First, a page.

Frontier Justice in the Wild West: Bungled, Bizarre, and Fascinating Executions / Edition 1

Paperback (Print)
Used and New from Other Sellers
Used and New from Other Sellers
from $1.99
Usually ships in 1-2 business days
(Save 87%)
Other sellers (Paperback)
  • All (16) from $1.99   
  • New (5) from $7.16   
  • Used (11) from $1.99   


Frontier Justice highlights eighteen crimes and subsequent punishments of the most interesting, controversial, and unusual executions from an era when hangings and shootings were a legal means of capital punishment. Chapters include: the bungled hanging of Tom Ketchum who was beheaded by the noose; the unique trigger for the trapdoor used to hang Tom Horn; "Big Nose" George Parrott who was skinned, pickled, and made into a pair of shoes; the double trials of Jack McCall, assassin of Wild Bill Hickok; the hanging of a woman-Elizabeth Potts; the shooting of John D. Lee of Mountain Meadows Massacre infamy; and the only use of a double "twitch-up" gallows; etc. Each action-packed chapter includes biographical information, the pursuit, the investigation, legal maneuvers, trial information, and rarely-seen photographs.

Read More Show Less

Product Details

  • ISBN-13: 9780762743896
  • Publisher: Rowman & Littlefield Publishers, Inc.
  • Publication date: 6/1/2007
  • Edition description: First Edition
  • Edition number: 1
  • Pages: 192
  • Sales rank: 1,034,093
  • Product dimensions: 6.00 (w) x 9.00 (h) x 0.56 (d)

Meet the Author

R. Michael Wilson, a former law enforcement officer, has been researching and writing about the Old West for fifteen years.

Read More Show Less

Read an Excerpt

From the Introduction Frontier justice in the Old West was comparatively swift, usually fair, and occasionally brutal. On the frontier, justice took many forms, and hanging was the most popular form of lethal justice. The practice of hanging heinous criminals came to America with the Europeans and continued into the western territories with the pioneers. However, not every crime on the frontier was a capital offense. Actually, with one exception, only premeditated first-degree murder resulted in a legal execution and, contrary to popular belief, vigilantes usually applied justice with the same constraint. To accommodate lesser crimes, lighter punishments were devised.As the West was being settled, building a jail wasn't a town's top priority. Petty criminals could be held under close guard for short periods in any secure structure, but in those early days it was more practical to chain a man to a rock, heavy log, or a tree. Where a jail was not available it could be effective, in some wilderness areas and for minor offenses, to banish a wrongdoer. As an example, soon after Cheyenne, Wyoming, was established in 1868, one of the local newspapers published a list of undesirable characters, with a warning to leave town or face the wrath of the Vigilantes. The "posted" men packed their belongings and moved westward to the Union Pacific Railroad's end of track at Laramie.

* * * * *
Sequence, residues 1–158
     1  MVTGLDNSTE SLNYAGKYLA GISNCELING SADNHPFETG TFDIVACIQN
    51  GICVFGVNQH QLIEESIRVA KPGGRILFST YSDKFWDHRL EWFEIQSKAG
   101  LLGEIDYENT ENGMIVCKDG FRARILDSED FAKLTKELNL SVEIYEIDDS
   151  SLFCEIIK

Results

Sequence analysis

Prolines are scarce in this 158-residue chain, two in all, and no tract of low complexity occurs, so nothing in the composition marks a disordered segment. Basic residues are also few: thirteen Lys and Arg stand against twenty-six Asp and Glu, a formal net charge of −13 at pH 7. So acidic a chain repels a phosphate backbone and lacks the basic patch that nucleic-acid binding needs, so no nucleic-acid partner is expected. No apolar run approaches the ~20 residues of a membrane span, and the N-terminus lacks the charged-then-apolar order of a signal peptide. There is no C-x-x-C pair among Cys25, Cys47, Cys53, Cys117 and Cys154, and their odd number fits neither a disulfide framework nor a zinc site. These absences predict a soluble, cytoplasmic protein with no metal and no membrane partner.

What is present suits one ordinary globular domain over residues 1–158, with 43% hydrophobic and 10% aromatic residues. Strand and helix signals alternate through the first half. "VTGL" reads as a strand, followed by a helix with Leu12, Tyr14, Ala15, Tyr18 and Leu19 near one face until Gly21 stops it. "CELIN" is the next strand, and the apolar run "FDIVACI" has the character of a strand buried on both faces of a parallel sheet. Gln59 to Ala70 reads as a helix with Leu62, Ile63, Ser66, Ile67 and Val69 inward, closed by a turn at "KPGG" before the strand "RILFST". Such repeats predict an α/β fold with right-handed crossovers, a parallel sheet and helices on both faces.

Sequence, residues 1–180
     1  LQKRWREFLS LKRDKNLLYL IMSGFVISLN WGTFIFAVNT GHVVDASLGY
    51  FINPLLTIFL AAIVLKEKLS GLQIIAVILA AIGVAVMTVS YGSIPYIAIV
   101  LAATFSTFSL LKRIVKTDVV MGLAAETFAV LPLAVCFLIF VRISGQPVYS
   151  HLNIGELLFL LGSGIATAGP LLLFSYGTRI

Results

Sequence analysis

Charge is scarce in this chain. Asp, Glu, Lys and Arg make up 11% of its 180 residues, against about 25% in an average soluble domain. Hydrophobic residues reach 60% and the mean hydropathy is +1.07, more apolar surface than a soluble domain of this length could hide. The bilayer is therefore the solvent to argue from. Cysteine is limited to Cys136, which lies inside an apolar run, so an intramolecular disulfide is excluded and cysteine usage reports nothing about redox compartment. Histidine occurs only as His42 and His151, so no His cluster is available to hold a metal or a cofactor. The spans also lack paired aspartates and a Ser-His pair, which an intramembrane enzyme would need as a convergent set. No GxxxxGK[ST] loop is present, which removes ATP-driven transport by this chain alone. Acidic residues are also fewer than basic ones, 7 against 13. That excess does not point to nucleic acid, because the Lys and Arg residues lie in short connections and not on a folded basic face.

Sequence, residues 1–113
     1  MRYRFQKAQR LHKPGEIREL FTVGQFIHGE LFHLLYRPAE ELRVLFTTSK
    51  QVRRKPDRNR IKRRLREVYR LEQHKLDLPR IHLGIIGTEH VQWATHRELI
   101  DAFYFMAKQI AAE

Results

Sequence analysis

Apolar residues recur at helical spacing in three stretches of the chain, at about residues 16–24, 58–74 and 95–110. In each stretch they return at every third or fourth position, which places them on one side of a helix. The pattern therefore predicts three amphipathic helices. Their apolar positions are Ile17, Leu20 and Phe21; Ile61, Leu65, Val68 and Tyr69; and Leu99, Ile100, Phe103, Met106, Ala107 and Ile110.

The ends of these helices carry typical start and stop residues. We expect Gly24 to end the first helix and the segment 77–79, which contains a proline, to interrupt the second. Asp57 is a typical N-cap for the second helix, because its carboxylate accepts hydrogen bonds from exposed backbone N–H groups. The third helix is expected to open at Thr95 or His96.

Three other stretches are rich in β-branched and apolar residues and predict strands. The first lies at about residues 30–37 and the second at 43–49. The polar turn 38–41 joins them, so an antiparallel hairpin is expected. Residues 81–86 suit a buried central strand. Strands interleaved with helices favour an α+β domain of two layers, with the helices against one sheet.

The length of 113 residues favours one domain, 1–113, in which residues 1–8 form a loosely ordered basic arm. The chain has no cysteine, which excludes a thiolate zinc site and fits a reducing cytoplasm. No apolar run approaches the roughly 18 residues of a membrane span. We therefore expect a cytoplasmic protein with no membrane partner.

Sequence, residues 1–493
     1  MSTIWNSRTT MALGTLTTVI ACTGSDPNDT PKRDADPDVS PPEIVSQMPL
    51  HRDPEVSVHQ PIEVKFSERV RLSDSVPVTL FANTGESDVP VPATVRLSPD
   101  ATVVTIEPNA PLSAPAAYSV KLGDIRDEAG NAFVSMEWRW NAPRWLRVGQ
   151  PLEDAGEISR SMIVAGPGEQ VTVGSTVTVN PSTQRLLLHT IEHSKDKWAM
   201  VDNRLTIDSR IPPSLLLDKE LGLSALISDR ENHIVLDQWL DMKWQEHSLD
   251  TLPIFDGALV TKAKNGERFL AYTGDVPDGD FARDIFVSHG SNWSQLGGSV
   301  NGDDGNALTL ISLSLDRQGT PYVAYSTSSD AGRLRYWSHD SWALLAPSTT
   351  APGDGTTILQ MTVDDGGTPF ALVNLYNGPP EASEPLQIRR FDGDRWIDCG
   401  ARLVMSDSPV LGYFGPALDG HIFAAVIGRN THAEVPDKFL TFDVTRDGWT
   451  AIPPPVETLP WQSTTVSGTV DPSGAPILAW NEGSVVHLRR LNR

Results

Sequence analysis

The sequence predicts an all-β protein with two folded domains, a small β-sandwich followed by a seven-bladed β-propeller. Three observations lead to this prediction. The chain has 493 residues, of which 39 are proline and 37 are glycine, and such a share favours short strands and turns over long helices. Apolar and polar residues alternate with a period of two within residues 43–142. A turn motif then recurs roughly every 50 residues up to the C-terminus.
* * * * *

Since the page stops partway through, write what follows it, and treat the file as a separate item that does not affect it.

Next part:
Read More Show Less

Table of Contents